Print 21 comment(s) - last by bah12.. on Feb 13 at 10:12 AM

The company celebrates the 25th anniversary of the Deskjet printer

Hewlett-Packard (HP) introduced three new desktop printers today, including the world's fastest to date -- all in time for the company's 25th anniversary of the Deskjet printer.

HP's three latest additions to the printer lineup are the HP Officejet Pro X, the HP Officejet Pro 251dw Printer and the HP Officejet Pro 276dw Multifunction Printer.

The HP Officejet Pro X, which is designed for small and medium-sized businesses, is recognized as the world's fastest printer by Guinness World Records. It performs at twice the speed and half the cost of laser printers, delivering professional documents at as many as 70 pages per minute. It can print quickly and quietly by printing four colors of ink onto a sheet of paper at one time while the printhead stays in a stationary position.

The Officejet Pro X is also Energy Star qualified, using up to 50 percent less energy than laser printers.

Those interested in an Officejet Pro X can pick one up starting today. The single-function models start at $449 while the multi-function models start at $649.

The HP Officejet Pro 251dw Printer and the HP Officejet Pro 276dw Multifunction Printer are more for medium-sized businesses that want enterprise manageability solutions like HP Universal Print Drivers and HP Web Jetadmin. It also prints documents for up to 50 percent lower cost per page than laser printers.

These two models have not been priced yet, and will be available this spring.

Now is a particularly special time for HP, as it celebrates it 25th anniversary of the Deskjet printer. The first one was released in February 1988 for $995, and had a speed of 2 pages per minute.

Source: Hewlett-Packard

Comments     Threshold

This article is over a month old, voting and posting comments is disabled

RE: So... How fast is it?
By retrospooty on 2/12/2013 9:09:56 AM , Rating: 5
OK, I am blind, up to 70ppm... damn that is fast. Seeing as how I print probably about 10 pages per year, its overkill for me though. LOL. My biggest problem is ink drying up before I use it.

RE: So... How fast is it?
By sprockkets on 2/12/2013 9:46:01 AM , Rating: 2
This tech was demoed many years ago, if it is what I think it is. It basically is a printhead the size of the width of the paper.

On the consumable front, it sucks to my Kyocera color laser no matter what :)

RE: So... How fast is it?
By Azethoth on 2/12/2013 3:22:14 PM , Rating: 3
I got so tired having to buy new cartridges each time I want to print I went paperless.

Now I pdf anything needing a sig and paste a scan of my signature into it. They can print it out if they really need paper.

RE: So... How fast is it?
By V-Money on 2/12/2013 7:24:15 PM , Rating: 2
Same here, I occasionally use my printer but the vast majority of the time I just edit the pdf and send it. I've also go an online fax machine, I hate that I'm paying for it, but I have used it many times and it has easily paid for itself. It's amazing how many places refuse emailed copies of documents but will gladly accept faxes without question.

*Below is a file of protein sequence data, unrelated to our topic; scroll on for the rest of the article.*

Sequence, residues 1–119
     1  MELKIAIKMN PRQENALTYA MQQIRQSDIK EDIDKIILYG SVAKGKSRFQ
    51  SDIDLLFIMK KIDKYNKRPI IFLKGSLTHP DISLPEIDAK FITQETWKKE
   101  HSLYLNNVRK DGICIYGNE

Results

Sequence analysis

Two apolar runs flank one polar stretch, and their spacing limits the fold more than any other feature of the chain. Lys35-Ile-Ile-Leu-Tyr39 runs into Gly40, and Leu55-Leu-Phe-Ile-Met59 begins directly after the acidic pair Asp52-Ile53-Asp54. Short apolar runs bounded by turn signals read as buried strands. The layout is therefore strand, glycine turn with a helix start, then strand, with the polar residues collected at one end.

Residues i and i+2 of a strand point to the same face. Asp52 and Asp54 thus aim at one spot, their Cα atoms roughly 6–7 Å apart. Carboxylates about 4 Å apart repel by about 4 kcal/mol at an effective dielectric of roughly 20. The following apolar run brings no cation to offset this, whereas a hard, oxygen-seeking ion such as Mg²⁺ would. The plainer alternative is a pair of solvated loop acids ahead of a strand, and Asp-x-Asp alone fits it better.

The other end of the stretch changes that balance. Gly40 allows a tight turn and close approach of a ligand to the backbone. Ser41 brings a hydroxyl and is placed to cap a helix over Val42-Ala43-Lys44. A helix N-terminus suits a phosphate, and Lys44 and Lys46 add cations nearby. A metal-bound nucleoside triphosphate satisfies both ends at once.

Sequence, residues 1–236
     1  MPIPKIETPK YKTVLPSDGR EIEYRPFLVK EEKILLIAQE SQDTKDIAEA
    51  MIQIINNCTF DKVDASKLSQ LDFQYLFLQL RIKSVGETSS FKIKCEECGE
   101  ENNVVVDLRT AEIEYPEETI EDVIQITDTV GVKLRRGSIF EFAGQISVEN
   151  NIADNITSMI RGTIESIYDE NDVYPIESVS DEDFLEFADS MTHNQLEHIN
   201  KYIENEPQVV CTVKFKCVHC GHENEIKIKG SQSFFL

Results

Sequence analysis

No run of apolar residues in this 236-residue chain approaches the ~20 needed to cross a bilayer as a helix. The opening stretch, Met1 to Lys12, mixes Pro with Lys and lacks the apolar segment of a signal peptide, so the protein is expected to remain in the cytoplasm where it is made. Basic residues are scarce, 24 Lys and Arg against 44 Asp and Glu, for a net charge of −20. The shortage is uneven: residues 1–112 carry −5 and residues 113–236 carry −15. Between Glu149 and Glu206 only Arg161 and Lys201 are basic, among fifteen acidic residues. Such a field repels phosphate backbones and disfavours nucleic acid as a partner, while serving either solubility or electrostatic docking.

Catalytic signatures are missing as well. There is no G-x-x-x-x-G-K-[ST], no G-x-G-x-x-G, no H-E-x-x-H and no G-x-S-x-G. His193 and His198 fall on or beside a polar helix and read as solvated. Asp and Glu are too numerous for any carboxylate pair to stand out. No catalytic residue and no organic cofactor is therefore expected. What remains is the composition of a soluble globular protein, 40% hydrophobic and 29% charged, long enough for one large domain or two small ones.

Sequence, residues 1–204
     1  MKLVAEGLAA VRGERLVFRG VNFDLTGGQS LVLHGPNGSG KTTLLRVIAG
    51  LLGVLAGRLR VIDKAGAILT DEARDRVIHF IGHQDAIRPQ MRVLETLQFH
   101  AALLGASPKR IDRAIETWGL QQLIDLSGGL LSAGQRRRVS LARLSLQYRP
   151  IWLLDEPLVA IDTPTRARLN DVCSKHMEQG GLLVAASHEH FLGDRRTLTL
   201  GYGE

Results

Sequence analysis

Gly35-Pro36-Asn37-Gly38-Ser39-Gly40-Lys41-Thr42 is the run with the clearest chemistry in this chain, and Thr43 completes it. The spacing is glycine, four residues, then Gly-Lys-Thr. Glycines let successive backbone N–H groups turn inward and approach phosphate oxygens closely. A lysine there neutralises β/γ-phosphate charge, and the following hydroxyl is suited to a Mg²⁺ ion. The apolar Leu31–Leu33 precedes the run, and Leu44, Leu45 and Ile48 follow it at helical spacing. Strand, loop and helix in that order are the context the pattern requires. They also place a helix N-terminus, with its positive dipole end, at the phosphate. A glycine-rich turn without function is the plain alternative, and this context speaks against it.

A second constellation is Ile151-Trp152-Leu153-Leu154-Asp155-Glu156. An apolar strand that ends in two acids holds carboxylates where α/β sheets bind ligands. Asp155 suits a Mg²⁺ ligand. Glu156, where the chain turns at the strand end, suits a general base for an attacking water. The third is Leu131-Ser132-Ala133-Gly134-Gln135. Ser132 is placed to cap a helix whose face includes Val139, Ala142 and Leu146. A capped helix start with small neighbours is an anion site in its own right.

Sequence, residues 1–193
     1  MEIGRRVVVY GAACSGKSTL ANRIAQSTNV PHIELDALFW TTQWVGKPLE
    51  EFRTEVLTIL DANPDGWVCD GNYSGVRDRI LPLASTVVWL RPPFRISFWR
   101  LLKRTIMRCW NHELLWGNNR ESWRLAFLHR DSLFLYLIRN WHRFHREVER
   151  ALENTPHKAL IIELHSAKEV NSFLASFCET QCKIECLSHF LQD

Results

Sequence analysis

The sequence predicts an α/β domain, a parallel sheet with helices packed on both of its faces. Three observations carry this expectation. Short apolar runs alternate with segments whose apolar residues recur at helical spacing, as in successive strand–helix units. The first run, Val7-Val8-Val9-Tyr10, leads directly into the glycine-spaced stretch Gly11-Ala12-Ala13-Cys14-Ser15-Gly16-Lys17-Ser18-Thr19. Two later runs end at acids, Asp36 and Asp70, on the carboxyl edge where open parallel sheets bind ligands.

RE: So... How fast is it?
By Manch on 2/13/2013 2:01:14 AM , Rating: 2
It's because a fax is considered a legal document and because the transaction can be confirmed while email cannot.

Faxes are also considered more secure since it's harder to intercept/alter the signal during transmission.

RE: So... How fast is it?
By Paj on 2/13/2013 8:12:05 AM , Rating: 2
Emails certainly are legal documents.

RE: So... How fast is it?
By Manch on 2/13/2013 9:10:42 AM , Rating: 4
Not in the same sense as a fax.

For example, if my tenant signs a lease and email it to me, I sign it, that does not mean it's legally binding.

If they were to fax it, then it would be.

Faxes use a point to point protocol that is very hard to tamper with. Additionally, the cover page and at the bottom of each page there's that bit of info on the bottom line that provides authentication.

Now some institutions will accept digitally signed and encrypted emails. If it comes from a verifiable source. however most companies will not accept emails, because they cannot trust that it has not been tampered with. They just don't want to open themselves to the liability.

Even virtual faxes emulate the point to point transmission so those are accepted by most as same as.

Of course depending on where you live that may differ on what is and isn't legally binding, but in the US while a lot of places may accept emails, even more will not. Some institutions are even stricter than that and will not accept faxed documents.

"You can bet that Sony built a long-term business plan about being successful in Japan and that business plan is crumbling." -- Peter Moore, 24 hours before his Microsoft resignation
Related Articles
HP to Release New Mobile, 3D Printing Products
September 12, 2011, 12:02 PM

Latest Headlines
Inspiron Laptops & 2-in-1 PCs
September 25, 2016, 9:00 AM
The Samsung Galaxy S7
September 14, 2016, 6:00 AM
Apple Watch 2 – Coming September 7th
September 3, 2016, 6:30 AM
Apple says “See you on the 7th.”
September 1, 2016, 6:30 AM

Most Popular ArticlesAre you ready for this ? HyperDrive Aircraft
September 24, 2016, 9:29 AM
Leaked – Samsung S8 is a Dream and a Dream 2
September 25, 2016, 8:00 AM
Yahoo Hacked - Change Your Passwords and Security Info ASAP!
September 23, 2016, 5:45 AM
A is for Apples
September 23, 2016, 5:32 AM
Walmart may get "Robot Shopping Carts?"
September 17, 2016, 6:01 AM

Copyright 2016 DailyTech LLC. - RSS Feed | Advertise | About Us | Ethics | FAQ | Terms, Conditions & Privacy Information | Kristopher Kubicki